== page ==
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The New York Times fires opinion writer after backlash over ‘faggot’ tweets

Josh Jackman February 14, 2018

(Twitter/quinnnorton)

The New York Times has hired and quickly fired an opinion writer who repeatedly called people on Twitter “fag” and “faggot”.

The Times tweeted on Tuesday morning that Quinn Norton had joined the editorial board as “lead opinion writer on the power, culture and consequences of technology.”

The publication’s editorial page editor James Bennet, along with deputy editorial page editor Katie Kingsbury and op-ed editor Jim Dao, wrote that they were “delighted” with the move.

(Twitter/NYTimesPR)

In a culture which is “aspiring to privacy, transparency and prosperity,” they said, “we’re excited to have Quinn to help our readers understand what’s possible and what’s sensible, and where we’re all headed.”

But the backlash began almost immediately, as followers of Norton pointed out that she had tweeted anti-gay and racist slurs.

Norton, who is in her mid-40s, sent a particularly inflammatory string of tweets to one user in 2013.

(Twitter/quinnorton)

“Srsly, did you just do that after having the discussion about rape culture with me? ARE YOU F**KING KIDDING ME YOU IDOT FAGGOT? [sic]”, she wrote.

Norton, who has also written for Wired magazine, continued: “you are laying waste to your own f**king ideals, you s**t eating hypersensitive little crybaby fag”.

(Twitter/quinnorton)

She continued: “here’s the deal, faggot: free speech comes with responsibility. not legal, but human. grown up. you can do this.”

(Twitter/quinnorton)

Norton added: “look, fag, you’re going to have to walk a far mile to offend me, and you f**king know that”.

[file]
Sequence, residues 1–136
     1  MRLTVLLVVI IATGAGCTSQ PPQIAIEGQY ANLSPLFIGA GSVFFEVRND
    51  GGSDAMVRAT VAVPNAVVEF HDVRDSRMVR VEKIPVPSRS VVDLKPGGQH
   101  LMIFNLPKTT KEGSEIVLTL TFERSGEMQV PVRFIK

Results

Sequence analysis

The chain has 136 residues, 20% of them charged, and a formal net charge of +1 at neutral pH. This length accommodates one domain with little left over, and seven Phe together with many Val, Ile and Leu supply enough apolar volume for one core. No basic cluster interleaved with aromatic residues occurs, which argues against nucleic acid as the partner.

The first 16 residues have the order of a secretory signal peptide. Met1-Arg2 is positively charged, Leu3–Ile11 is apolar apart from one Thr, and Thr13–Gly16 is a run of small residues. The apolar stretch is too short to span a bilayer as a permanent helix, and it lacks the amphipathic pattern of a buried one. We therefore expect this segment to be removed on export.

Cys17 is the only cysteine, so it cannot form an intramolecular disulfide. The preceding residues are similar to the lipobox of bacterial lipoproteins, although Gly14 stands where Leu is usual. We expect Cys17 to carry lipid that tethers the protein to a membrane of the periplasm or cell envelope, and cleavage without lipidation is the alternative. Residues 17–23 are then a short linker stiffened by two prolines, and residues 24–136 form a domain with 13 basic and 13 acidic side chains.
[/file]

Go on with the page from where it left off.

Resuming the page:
(Twitter/quinnorton)

The replies to these tweets are now deleted.

Writing to another person, she tweeted: “sigh, read all the way to the bottom, fag. Love, the bitch.”

(Twitter/quinnorton)

She was also accused of racism.

In 2013, she tweeted that “at this point, as far as I’m concerned no one is a terrorist, in exactly the same way no human being is a n***er.”

(Twitter/quinnorton)

She also retweeted a post which called President Barack Obama a “n***er”.

In 2014, she tweeted: “Today I realised I’d probably make a lot more money being a racist for @nytimes.”

On Tuesday evening, just hours after the original announcement, Bennet made a statement revealing that Norton was being let go from the Times.

NEW YORK, NY - JULY 27:  People walk past the New York Times building on July 27, 2017 in New York City.  The New York Times Company shares have surged to a nine-year high after posting strong earnings on Thursday. Partly due to new digital subscriptions following the election of Donald Trump as president, the company reported a profit of $27.7 million in the second quarter, up from $9.1 million in the same period last year.  (Photo by Spencer Platt/Getty Images)
(Getty)

“Despite our review of Quinn Norton’s work and our conversations with her previous employers, this was new information to us,” he said.

“Based on it, we’ve decided to go our separate ways.”

Norton defended herself on Twitter, writing: “I’ve been a queer activist since 1992. But when I speak to communities, I used their language to do it.

“I only used it in the context of my work with anons. I used it occasionally when amongst gay friends in our community. That’s not really your business, though,” she added.

(Twitter/quinnorton)

“As I said so many times to the @nytimes, no harm no foul.

“I’m sorry I can’t do the work I wanted to do with them. I wish there had been a way, but ultimately, they need to feel safe with how the net will react to their opinion writers.”

More: Anti-gay, quinn norton, racism, The New York Times, Twitter, US, US

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